And I think one really needs to look hard at  human-centric causes that might possibly be worth dying for.  Climate Change.  If you are doing your best to live non-consumeristically, and preaching about it, no need to commit hari kari.  Black Lives Matter.  If you’re black, you want to live better, not die needlessly.  World War.  You didn’t personally cause it, can’t stop it, and one less body won”t make much of a difference.  (I know, I’m beginning to sound cynical but this is really just realism.)

I really like my life.  It has its stresses and challenges (right now we are doing some extensive remodeling and the neighbor is angry that our trees impinge on his property).  We travel fairly often, have gotten our two shots to ward off the coronaviris, our family members are all very supportive and welcoming, and I have the time to write all this inspirational (?) stuff even if it’s hard to find a place to publish it.  (Thank you Medium.com, for being there for nearly everyone.)

In addition, I doubt we will ever run out of money and be on the streets–which I would say is pretty close to a living death in our overly expensive, mostly housed society (look into cheap strawbale homes, I built one in Mexico).  I was once nearly homeless so, believe me, I know.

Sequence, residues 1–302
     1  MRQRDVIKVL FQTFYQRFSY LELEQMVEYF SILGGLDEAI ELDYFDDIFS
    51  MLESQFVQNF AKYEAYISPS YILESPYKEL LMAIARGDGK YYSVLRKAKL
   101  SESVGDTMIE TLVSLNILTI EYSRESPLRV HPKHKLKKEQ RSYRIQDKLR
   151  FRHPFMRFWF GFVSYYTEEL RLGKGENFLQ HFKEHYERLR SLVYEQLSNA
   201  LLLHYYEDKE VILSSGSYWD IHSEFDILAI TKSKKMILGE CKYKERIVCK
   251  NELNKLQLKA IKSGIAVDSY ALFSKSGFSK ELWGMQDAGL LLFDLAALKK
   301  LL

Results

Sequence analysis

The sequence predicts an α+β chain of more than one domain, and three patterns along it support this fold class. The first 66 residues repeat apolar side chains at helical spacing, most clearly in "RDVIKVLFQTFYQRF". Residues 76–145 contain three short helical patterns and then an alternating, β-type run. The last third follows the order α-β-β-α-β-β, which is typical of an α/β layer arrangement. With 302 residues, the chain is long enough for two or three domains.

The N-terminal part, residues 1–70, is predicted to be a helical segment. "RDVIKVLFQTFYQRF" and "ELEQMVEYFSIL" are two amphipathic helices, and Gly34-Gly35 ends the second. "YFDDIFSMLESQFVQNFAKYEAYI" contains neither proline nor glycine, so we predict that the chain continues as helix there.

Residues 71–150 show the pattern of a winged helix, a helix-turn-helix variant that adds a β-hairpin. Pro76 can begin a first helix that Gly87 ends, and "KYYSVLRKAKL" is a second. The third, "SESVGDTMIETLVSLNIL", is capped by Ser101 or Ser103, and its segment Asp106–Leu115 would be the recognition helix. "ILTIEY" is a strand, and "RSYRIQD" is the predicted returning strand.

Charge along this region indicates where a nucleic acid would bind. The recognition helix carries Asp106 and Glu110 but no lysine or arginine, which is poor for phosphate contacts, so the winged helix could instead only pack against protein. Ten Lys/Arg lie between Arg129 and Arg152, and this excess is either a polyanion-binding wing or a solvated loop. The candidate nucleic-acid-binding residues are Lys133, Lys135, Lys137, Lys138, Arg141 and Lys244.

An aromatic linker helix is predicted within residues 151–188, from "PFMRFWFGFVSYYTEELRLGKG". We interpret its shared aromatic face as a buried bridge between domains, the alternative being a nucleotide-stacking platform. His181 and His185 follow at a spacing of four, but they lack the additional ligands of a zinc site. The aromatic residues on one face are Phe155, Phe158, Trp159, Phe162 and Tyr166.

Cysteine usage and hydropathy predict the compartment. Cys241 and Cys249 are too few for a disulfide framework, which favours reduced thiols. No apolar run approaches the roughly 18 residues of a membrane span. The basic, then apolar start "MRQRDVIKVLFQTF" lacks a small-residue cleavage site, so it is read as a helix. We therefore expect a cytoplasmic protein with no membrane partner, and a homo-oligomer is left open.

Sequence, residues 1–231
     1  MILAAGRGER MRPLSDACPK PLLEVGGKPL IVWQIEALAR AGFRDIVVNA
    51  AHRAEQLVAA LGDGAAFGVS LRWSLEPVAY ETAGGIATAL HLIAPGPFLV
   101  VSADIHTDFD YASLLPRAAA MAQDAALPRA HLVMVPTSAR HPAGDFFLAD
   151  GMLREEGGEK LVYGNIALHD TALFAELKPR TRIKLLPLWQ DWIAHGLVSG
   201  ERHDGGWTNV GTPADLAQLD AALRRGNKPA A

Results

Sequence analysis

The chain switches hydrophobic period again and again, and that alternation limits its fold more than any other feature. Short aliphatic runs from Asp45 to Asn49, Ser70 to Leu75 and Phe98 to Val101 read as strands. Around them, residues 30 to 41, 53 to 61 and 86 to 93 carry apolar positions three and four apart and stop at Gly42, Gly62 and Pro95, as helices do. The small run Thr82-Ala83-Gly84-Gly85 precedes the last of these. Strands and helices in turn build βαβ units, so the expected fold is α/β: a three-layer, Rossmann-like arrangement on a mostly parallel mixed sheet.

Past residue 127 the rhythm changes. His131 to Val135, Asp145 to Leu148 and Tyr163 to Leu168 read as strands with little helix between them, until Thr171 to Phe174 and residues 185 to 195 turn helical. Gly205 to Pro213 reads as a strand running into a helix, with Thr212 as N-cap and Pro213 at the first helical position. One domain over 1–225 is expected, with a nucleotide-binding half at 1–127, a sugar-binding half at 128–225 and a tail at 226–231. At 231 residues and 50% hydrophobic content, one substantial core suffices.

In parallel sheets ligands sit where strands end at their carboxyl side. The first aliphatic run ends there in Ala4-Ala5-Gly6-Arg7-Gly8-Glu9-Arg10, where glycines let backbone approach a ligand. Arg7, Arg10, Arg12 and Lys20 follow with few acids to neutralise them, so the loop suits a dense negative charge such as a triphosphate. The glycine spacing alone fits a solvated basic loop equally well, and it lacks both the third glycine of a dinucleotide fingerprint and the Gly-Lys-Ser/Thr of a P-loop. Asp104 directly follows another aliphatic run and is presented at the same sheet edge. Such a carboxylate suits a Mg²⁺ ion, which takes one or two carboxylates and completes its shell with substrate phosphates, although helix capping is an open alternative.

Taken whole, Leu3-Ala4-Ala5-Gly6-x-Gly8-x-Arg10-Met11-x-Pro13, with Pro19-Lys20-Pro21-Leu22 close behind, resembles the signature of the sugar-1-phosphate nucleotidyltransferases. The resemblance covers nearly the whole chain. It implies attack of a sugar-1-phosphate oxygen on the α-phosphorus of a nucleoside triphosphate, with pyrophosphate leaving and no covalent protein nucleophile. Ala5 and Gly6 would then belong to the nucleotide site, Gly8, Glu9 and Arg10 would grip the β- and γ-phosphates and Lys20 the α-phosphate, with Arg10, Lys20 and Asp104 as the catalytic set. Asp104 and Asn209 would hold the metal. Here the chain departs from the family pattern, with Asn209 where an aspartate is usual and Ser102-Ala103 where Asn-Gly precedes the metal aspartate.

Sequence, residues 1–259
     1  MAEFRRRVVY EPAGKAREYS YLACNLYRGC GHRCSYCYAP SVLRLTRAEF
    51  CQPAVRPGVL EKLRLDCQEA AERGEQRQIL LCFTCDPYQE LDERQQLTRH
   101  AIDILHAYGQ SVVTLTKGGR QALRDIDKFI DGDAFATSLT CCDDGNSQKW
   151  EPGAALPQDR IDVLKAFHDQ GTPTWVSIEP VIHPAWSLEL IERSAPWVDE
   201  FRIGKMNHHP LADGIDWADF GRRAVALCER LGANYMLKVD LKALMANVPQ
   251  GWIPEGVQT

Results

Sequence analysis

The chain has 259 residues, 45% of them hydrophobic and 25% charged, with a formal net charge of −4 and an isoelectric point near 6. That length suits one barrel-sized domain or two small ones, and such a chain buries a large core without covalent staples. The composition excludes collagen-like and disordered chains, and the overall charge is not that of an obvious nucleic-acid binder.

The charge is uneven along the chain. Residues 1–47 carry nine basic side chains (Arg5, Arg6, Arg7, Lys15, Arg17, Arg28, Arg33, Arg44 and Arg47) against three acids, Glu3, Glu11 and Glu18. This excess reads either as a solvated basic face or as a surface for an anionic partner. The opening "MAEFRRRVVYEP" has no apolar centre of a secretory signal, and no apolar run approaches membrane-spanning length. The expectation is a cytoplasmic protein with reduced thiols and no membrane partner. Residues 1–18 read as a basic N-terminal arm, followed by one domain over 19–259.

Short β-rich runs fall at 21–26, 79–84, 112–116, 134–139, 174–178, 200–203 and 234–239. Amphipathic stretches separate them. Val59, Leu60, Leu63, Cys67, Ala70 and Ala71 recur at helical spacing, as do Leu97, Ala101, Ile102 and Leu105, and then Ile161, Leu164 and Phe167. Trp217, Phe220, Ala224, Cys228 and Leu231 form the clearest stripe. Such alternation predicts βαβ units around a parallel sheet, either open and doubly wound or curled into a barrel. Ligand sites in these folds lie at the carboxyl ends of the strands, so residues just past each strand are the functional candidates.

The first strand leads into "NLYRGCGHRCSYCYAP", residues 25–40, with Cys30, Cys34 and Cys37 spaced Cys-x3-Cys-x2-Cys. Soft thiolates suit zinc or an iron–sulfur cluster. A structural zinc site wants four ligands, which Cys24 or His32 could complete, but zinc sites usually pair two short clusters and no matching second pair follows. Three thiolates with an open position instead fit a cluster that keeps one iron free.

For me, there has to be a really, really good reason for me to give up my life sooner than its chronological limits–which I admit, are coming ever so quickly.  But I CAN say that the less you have to live for maybe the more you think dying might serve a purpose.

But I’m definitely not there yet.

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William Seavey
He is a veritable Renaissance Man (for a modern age!) He’s an author of nearly a dozen books, including Crisis Investing and Entrepreneuring and Moving to Small Town America). He and his wife have been interviewed by AARP THREE times. His contributions have appeared in the New York Times, Credit.com, Barrons, Reader’s Digest, The Street, Active Over 50, U.S. News, the Wall Street Journal and elsewhere. He spent five years as a professional resume’ writer and started a national association. He ran the Greener Pastures Institute 15 years and helped thousands relocate to their “Shangri-la.” Locally he’s taught at the Osher Lifelong Learning Institute through Cal Poly and presented to Rotary and HopeDance audiences. He built a house in a Baja California resort for $25,000 ($700 annual dues/taxes)! He appeared on the front page of the SLO Tribune with his rainwater saving strategies to encourage conservation. He was a founding board member of Hopes Village, which locally is trying to help the homeless with affordable "tiny" homes. He co-runs a bed and breakfast inn and airbnb in Cambria, and has for the last 12 years. He’s also worked in the health field (HMO/student clinic) and received a certificate in Primary Prevention healthcare. He even attended the famous Woodstock Music Festival.